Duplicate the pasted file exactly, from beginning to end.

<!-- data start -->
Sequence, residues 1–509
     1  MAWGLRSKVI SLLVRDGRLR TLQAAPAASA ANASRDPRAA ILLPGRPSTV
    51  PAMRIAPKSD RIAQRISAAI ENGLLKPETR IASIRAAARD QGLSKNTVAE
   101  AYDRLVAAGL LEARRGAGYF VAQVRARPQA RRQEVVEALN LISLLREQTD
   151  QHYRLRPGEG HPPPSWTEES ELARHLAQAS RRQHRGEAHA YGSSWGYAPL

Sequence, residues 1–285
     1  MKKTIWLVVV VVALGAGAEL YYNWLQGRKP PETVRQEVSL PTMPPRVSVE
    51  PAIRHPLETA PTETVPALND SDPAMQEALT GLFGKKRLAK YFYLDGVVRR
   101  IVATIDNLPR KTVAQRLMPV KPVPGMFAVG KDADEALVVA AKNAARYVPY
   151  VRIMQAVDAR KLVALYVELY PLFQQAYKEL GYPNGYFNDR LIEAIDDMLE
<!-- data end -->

Sequence, residues 1–509
     1  MAWGLRSKVI SLLVRDGRLR TLQAAPAASA ANASRDPRAA ILLPGRPSTV
    51  PAMRIAPKSD RIAQRISAAI ENGLLKPETR IASIRAAARD QGLSKNTVAE
   101  AYDRLVAAGL LEARRGAGYF VAQVRARPQA RRQEVVEALN LISLLREQTD
   151  QHYRLRPGEG HPPPSWTEES ELARHLAQAS RRQHRGEAHA YGSSWGYAPL

Sequence, residues 1–285
     1  MKKTIWLVVV VVALGAGAEL YYNWLQGRKP PETVRQEVSL PTMPPRVSVE
    51  PAIRHPLETA PTETVPALND SDPAMQEALT GLFGKKRLAK YFYLDGVVRR
   101  IVATIDNLPR KTVAQRLMPV KPVPGMFAVG KDADEALVVA AKNAARYVPY
   151  VRIMQAVDAR KLVALYVELY PLFQQAYKEL GYPNGYFNDR LIEAIDDMLE